Still, there is something different to this tale as old as time. Within the first hour of game play you meet a douche of a character who will start the first major world building mission. He’s corporate style evil, clearly, and even though I elected to complete the morally right path of this mission, there was a moment where I thought that I had made the wrong choice. I felt that twice over once I realized that based on my choice, I lost out on several opportunities. While I’ve only scratched the surface of the universe at large, several of the first characters you meet made me care in a way that makes you think twice about the obvious options you pick in a game about good vs evil. Sure, Parvati is obviously indoctrinated but she cares for the people of her community with everything she has, and you will feel that heart before the end of the first major story mission. Something I don’t usually feel when playing Fallout.

Comparisons

There’s one other game you can draw comparisons to when you finally expand from Edgewater and the planet Terra-2, and that’s Mass Effect. I can’t remember why you need to build a crew moving forward, but through random happenstance you will meet a random assortment of NPCs that you can invite to join your group. So far, I have three crew members: Parvati, Dr. Ellie and Felix. Each carrying qualities that can be compared to Tali, Liara and Joker from Mass Effect. Hell, all that’s missing from Felix is voice work by Seth Green and we could make the leap that Felix and Joker are cousins in a galaxy far far away.

Ada the Ship, credit: author The Outer Worlds

Ada, cybernetic personality for The Unreliable

Final Judgement

Around this time I usually have a grievance or two to report based on my own likes and dislikes when it comes to gaming. However, I am happy to report that my only grip thus far has been with the sneaking/stealing system. While crouching in tall grass or behind characters’ backs or in a shadowy area, the screen gently shades itself on the left and right hand sides, this is to denote you are hidden and no one can see you. Outside of the tall grass and shadows, there’s no real way to tell if someone sees you unless they are directly in the room staring at you. I’ve made due with my pilfering, having only gotten caught twice, but overall, I wish the hidden-in-plain-sight indicator was easier to read.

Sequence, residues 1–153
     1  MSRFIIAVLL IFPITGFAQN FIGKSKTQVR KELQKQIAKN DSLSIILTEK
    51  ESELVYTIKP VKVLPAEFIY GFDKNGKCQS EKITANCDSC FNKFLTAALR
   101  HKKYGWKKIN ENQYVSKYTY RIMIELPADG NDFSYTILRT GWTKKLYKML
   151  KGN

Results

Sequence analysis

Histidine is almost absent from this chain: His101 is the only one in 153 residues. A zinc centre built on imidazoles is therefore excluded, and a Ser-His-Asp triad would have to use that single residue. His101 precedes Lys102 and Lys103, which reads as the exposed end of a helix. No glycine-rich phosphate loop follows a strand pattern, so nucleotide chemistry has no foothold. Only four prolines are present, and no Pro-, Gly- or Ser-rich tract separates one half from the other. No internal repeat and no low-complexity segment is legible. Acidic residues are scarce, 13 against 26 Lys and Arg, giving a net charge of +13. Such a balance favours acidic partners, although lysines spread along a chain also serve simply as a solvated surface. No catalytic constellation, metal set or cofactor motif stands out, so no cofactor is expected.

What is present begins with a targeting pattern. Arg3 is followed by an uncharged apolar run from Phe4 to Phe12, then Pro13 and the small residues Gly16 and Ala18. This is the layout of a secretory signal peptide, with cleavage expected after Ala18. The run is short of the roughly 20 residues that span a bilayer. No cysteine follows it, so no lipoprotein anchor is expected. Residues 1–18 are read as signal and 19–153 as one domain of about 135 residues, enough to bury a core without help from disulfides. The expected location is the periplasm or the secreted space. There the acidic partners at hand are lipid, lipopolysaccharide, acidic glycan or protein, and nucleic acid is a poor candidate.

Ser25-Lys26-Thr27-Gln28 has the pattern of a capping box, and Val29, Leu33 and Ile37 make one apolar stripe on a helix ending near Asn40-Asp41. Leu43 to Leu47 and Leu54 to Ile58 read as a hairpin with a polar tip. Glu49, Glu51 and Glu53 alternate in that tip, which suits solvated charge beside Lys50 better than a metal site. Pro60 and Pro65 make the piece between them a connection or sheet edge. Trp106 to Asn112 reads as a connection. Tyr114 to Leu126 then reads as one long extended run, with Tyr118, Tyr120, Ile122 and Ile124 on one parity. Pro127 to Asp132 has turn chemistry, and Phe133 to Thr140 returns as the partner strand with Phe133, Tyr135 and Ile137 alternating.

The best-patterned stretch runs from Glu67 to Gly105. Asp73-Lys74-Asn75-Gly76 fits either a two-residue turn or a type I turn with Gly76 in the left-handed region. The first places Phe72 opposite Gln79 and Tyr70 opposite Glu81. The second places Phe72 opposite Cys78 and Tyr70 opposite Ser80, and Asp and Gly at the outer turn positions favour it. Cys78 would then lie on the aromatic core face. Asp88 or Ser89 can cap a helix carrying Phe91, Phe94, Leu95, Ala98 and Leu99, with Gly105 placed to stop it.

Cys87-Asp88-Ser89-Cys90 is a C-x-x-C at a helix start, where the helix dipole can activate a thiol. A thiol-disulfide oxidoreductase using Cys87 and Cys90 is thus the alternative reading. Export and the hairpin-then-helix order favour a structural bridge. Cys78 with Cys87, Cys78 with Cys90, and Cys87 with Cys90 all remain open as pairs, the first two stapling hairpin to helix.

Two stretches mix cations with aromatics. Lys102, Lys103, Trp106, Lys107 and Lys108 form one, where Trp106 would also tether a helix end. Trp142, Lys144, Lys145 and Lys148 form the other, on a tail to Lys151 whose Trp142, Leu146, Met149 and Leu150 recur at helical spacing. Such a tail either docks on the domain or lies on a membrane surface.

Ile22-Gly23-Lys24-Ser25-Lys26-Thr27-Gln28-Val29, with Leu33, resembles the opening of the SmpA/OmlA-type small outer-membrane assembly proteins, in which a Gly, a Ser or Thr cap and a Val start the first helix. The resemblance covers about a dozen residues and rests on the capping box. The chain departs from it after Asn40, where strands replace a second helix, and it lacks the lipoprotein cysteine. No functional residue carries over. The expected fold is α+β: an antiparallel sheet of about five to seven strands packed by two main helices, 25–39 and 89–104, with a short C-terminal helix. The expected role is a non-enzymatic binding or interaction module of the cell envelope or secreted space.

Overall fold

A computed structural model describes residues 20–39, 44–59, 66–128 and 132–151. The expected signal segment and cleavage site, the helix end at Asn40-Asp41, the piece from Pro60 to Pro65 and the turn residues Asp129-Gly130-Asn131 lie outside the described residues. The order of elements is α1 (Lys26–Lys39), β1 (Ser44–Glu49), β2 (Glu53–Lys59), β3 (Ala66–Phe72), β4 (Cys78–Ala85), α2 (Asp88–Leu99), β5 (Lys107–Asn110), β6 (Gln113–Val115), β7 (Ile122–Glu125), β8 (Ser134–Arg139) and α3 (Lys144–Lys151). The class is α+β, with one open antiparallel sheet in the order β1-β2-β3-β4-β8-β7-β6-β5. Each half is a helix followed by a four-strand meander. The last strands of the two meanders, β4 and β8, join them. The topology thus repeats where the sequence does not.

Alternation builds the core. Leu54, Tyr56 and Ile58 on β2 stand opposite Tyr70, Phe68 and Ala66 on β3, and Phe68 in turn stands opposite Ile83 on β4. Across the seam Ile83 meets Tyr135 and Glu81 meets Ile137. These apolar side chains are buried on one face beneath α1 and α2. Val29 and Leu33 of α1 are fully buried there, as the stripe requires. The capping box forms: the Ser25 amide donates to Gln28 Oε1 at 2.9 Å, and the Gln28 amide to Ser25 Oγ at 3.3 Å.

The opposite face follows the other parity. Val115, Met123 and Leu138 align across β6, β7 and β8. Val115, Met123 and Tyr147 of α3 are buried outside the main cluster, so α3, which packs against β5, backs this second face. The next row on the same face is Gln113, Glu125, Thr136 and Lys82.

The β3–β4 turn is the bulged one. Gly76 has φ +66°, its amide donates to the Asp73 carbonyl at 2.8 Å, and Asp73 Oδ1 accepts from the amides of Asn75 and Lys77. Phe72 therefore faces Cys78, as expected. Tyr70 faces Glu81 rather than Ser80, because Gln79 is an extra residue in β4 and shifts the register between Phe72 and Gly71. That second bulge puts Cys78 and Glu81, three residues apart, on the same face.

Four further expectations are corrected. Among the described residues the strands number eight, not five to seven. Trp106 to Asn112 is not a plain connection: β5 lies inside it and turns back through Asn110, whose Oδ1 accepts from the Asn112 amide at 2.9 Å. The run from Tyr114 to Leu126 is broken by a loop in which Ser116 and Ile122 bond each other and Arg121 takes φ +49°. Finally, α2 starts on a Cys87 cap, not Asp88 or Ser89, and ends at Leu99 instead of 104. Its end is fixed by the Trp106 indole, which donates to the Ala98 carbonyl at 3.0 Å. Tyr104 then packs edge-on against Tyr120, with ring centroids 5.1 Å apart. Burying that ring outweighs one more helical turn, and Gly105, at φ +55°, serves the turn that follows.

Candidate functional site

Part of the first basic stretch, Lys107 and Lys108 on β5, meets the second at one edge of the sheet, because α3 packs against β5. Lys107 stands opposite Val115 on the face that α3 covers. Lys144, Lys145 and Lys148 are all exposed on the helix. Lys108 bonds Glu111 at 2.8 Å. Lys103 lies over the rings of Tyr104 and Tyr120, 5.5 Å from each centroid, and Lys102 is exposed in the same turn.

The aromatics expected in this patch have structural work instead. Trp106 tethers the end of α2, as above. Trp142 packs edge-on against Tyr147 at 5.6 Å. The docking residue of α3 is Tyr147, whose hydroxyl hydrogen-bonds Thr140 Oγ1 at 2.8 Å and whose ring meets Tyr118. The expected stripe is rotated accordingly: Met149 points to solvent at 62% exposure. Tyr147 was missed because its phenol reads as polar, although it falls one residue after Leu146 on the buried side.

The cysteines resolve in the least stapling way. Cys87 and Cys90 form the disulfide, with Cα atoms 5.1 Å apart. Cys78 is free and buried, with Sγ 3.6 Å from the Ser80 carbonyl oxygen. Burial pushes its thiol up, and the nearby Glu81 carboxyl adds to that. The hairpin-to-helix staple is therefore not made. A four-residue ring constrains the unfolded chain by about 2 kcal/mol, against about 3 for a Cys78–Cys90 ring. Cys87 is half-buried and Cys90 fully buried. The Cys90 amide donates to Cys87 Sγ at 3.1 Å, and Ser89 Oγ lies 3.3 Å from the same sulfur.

Obsidian Entertainment has made a reputation on developing character driven stories that follow the mainstream while staying true to its own unique vision, helping it stand out in a world full of RPG options. Only days after it’s release, The Outer Worlds is proof positive of that fact.

 

-Dann D.

 

Side Notes and Minor Tips

  1. Check every vendor’s complete list of goods, some of them have random quest items for sale that will start you on a brand new side quest after purchase.
  2. Definitely spend time talking to Callahan, the Spacer’s Choice mascot forever condemned to selling goods aboard the Groundbreaker.
  3. Before doing any quest that involves fighting through groups of marauders or mutant animals… SAVE! YOUR! GAME! (We call this the Skyrim Rule)
  4. Tinkering at the workbench means you never have to give up your favorite weapons/armor, just make sure you have the credits and the perk that lowers tinkering costs.
  5. Focus skill points on hacking and lock picking, eventually lower level locks and computer terminals become free based on the level of your skills.
  6. Unless she openly fires on you, do not kill the Captain of Edgewater’s law enforcement unless you want to throw away bounty hunting options early on.
  7. If you buy your companions Moon Man heads from the Spacer’s Choice vendor on The Groundbreaker and proceed to keep those helmets active the entire time you play, you’ll never get a full night’s sleep again.

 

Callahan, credit: Obsidian Entertainment - The Outer Worlds

 

 

 

 

About the Author
Like a haberdasher dealing with a tree full of monkeys, Dann wears many hats. He is one half the hosting power on the Robcast, MTR's resident foodie, the low-rent chef with a heart of gold and the creative brainchild behind Emo Kid Dance Party.